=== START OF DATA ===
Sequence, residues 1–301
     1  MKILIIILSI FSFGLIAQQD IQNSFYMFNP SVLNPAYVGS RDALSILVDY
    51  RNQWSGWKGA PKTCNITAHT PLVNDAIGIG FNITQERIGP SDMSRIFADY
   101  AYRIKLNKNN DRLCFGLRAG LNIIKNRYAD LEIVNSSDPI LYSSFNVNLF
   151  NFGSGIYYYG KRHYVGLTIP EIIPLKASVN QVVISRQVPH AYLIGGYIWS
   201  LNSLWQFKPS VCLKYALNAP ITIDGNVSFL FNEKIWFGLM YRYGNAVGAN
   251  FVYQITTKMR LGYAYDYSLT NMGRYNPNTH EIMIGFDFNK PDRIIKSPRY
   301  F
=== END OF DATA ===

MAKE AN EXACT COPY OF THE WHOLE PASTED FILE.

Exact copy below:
Sequence, residues 1–301
     1  MKILIIILSI FSFGLIAQQD IQNSFYMFNP SVLNPAYVGS RDALSILVDY
    51  RNQWSGWKGA PKTCNITAHT PLVNDAIGIG FNITQERIGP SDMSRIFADY
   101  AYRIKLNKNN DRLCFGLRAG LNIIKNRYAD LEIVNSSDPI LYSSFNVNLF
   151  NFGSGIYYYG KRHYVGLTIP EIIPLKASVN QVVISRQVPH AYLIGGYIWS
   201  LNSLWQFKPS VCLKYALNAP ITIDGNVSFL FNEKIWFGLM YRYGNAVGAN
   251  FVYQITTKMR LGYAYDYSLT NMGRYNPNTH EIMIGFDFNK PDRIIKSPRY
   301  F